Walkden v Drayton Manor Park – Emma Zeb looks at the recent High Court appeal

27 Jul 2021

Walkden v Drayton Manor Park Ltd [2021] EWHC 2056 (QB)
Appeal against findings of FD fail – raising numerous heads of appeal did not make it better!

The Claimant’s case was that he suffered severe psychiatric and back injuries on a cable car at the Defendant’s amusement park in 2014.  Liability for the accident was admitted.  Quantum claimed at £1.5million was in issue.

After a trial on quantum only, the Claimant was awarded £17,600 in damages and was found to have exaggerated his symptoms.  The Defendant succeeded in persuading the trial judge that the Claimant had been fundamentally dishonest in respect of his claim pursuant to s. 57(2) of the Criminal Justice and Courts Act 2015 and ordered the Claimant to repay his interim payment as well as hefty costs on an indemnity basis.

Seven main grounds of appeal were launched.  All failed.  All 7 do not merit mention below as part of the reasoning for the appeal failing was the fact that some of the grounds of appeal added absolutely nothing.  Just a few points from the judgement…?

  1. Appealing findings of fact: An appellate court must not interfere with a trial judge’s findings of fact, unless it was compelled to do so. That applied, not only to findings of primary fact, but also to the evaluation of those facts, and the inferences to be drawn from them. An appellate court would interfere with findings of fact made by a trial judge only if it was satisfied that his decision could not reasonably be explained or justified (see [5]-[7] of the judgment).  In this case the Judge had fully summarised and analysed the evidence of arguably extensive, consistent and corroborative evidence of the Claimant’s ongoing limitations from other witnesses and had indicated that there was no reason to doubt the bona fides of these witnesses.  They had given ‘genuine evidence that from their perception [the Claimant] has not undertaken cycling, bee-keeping and the like. However, their perceptions are based upon how [the Claimant] has presented to them. It is his presentation that is the issue‘ (lines 1689-1692).   The Claimant’s presentation was what lacked credibility.
  2. Chronic pain: The judge had not erred in finding that the Claimant was not suffering from a chronic pain syndrome.  On appeal, the Claimant’s counsel argued that the judge’s finding that the Claimant had continuing mild pain was inconsistent with the finding that the Claimant did not have chronic pain syndrome.  This argument failed.   It was based on a mis-reading and a mis-understanding of the judge’s findings of fact and conclusions in relation to the main issues in the case, namely to whether the appellant had any ongoing pain and, if so, how bad it was, and whether that pain was caused by the accident. The judge had a wealth of evidence before him on those issues from lay witnesses, medical experts and through contemporaneous documents.  The judge had devoted most of his judgment to summarising, and analysing all that evidence which had been placed before him in relation to those issues. He had done so succinctly and with considerable care and, as a result, he had found that the appellant was not a credible witness, and had exaggerated his injuries. It was in that context that the judge had rejected the appellant’s case that he was suffering from a chronic pain syndrome.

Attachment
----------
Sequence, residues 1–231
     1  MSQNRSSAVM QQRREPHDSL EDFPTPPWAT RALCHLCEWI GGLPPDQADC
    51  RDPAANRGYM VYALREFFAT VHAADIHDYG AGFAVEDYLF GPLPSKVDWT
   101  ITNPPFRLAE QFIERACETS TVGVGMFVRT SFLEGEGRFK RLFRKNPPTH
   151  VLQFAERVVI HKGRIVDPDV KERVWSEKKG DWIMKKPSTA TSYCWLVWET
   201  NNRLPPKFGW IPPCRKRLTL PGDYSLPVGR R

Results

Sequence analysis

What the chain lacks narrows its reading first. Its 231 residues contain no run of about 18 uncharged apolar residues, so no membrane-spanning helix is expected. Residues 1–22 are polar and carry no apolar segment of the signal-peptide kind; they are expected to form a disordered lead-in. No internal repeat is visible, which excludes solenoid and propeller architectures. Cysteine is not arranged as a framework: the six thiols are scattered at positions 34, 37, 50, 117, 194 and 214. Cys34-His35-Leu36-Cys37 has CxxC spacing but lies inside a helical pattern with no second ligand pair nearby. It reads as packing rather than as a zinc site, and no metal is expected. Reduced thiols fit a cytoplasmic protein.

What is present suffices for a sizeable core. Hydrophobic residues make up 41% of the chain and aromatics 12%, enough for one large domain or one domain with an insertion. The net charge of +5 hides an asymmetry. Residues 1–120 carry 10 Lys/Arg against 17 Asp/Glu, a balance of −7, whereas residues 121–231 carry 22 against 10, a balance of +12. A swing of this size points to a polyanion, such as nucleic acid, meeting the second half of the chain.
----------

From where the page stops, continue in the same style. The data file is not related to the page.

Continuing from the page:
3. The experts: On behalf of the Claimant it was argued that the judge had wrongly concluded that Professor A (a psychiatrist and one of the appellant’s expert witnesses) had strayed outside her area of expertise and that, in doing so (which was not accepted), she had undermined her expertise generally.  This was also rejected.  The trial judge had been entitled to prefer the evidence of Dr B (and thereby reject the evidence of Professor A) and that was a further finding that was unassailable. The judge had carefully considered the evidence of the two medical experts, together with all the other evidence before him in reaching his conclusions.
  4. A dressed up expert point: Whether the judge had wrongly approached the quantification of the claim and the evidence from the forensic accountants. This ground appeared in reality to be a further complaint in respect of the judge’s findings of fact.  In that way, it was not a free-standing ground of appeal, but depended on the success of the earlier grounds. The judge had rejected the appellant’s case that, as result of the accident, the limitations and restrictions imposed on him were severe and this ground of appeal failed for the same reasons.
  5. The kitchen sink: As to whether the judge had wrongly found the appellant to have been fundamentally dishonest, there was nothing in the present ground of appeal.  There was ample evidence before the judge to conclude that the appellant had been ‘fundamentally dishonest in relation to the primary claim or related claim‘ and the claim should be dismissed under s 57. The judge had given clear reasons in his ex tempore judgment on 7 July 2020. That, again, had not been a conclusion which no reasonable judge could have reached on the evidence.


Emma Zeb
July 2021


Emma Zeb

Emma Zeb

Call: 1998


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